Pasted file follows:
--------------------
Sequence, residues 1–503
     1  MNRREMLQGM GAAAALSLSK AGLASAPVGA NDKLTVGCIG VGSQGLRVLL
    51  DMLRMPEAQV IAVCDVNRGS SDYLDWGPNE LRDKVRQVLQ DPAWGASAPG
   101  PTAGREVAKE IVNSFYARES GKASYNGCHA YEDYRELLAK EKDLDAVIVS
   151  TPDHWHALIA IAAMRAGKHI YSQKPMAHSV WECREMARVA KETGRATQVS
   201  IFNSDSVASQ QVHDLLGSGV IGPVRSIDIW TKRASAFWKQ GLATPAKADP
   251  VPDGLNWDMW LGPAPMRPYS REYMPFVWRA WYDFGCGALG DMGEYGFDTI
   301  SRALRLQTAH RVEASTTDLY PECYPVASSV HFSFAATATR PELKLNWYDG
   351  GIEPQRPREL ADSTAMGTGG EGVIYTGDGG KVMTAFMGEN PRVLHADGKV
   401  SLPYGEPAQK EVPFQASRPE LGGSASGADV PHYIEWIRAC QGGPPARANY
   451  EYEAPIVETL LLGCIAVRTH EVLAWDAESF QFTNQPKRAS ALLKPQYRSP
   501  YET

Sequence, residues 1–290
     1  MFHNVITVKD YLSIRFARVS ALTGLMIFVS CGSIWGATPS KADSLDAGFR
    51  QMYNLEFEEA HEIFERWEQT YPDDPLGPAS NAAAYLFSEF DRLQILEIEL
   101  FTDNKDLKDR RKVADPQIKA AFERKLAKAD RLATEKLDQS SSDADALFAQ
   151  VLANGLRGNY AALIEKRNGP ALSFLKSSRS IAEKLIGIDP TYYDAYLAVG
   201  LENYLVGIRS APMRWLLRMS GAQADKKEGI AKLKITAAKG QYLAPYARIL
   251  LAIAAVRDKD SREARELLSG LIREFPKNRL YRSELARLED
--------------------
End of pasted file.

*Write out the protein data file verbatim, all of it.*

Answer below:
Sequence, residues 1–503
     1  MNRREMLQGM GAAAALSLSK AGLASAPVGA NDKLTVGCIG VGSQGLRVLL
    51  DMLRMPEAQV IAVCDVNRGS SDYLDWGPNE LRDKVRQVLQ DPAWGASAPG
   101  PTAGREVAKE IVNSFYARES GKASYNGCHA YEDYRELLAK EKDLDAVIVS
   151  TPDHWHALIA IAAMRAGKHI YSQKPMAHSV WECREMARVA KETGRATQVS
   201  IFNSDSVASQ QVHDLLGSGV IGPVRSIDIW TKRASAFWKQ GLATPAKADP
   251  VPDGLNWDMW LGPAPMRPYS REYMPFVWRA WYDFGCGALG DMGEYGFDTI
   301  SRALRLQTAH RVEASTTDLY PECYPVASSV HFSFAATATR PELKLNWYDG
   351  GIEPQRPREL ADSTAMGTGG EGVIYTGDGG KVMTAFMGEN PRVLHADGKV
   401  SLPYGEPAQK EVPFQASRPE LGGSASGADV PHYIEWIRAC QGGPPARANY
   451  EYEAPIVETL LLGCIAVRTH EVLAWDAESF QFTNQPKRAS ALLKPQYRSP
   501  YET

Sequence, residues 1–290
     1  MFHNVITVKD YLSIRFARVS ALTGLMIFVS CGSIWGATPS KADSLDAGFR
    51  QMYNLEFEEA HEIFERWEQT YPDDPLGPAS NAAAYLFSEF DRLQILEIEL
   101  FTDNKDLKDR RKVADPQIKA AFERKLAKAD RLATEKLDQS SSDADALFAQ
   151  VLANGLRGNY AALIEKRNGP ALSFLKSSRS IAEKLIGIDP TYYDAYLAVG
   201  LENYLVGIRS APMRWLLRMS GAQADKKEGI AKLKITAAKG QYLAPYARIL
   251  LAIAAVRDKD SREARELLSG LIREFPKNRL YRSELARLED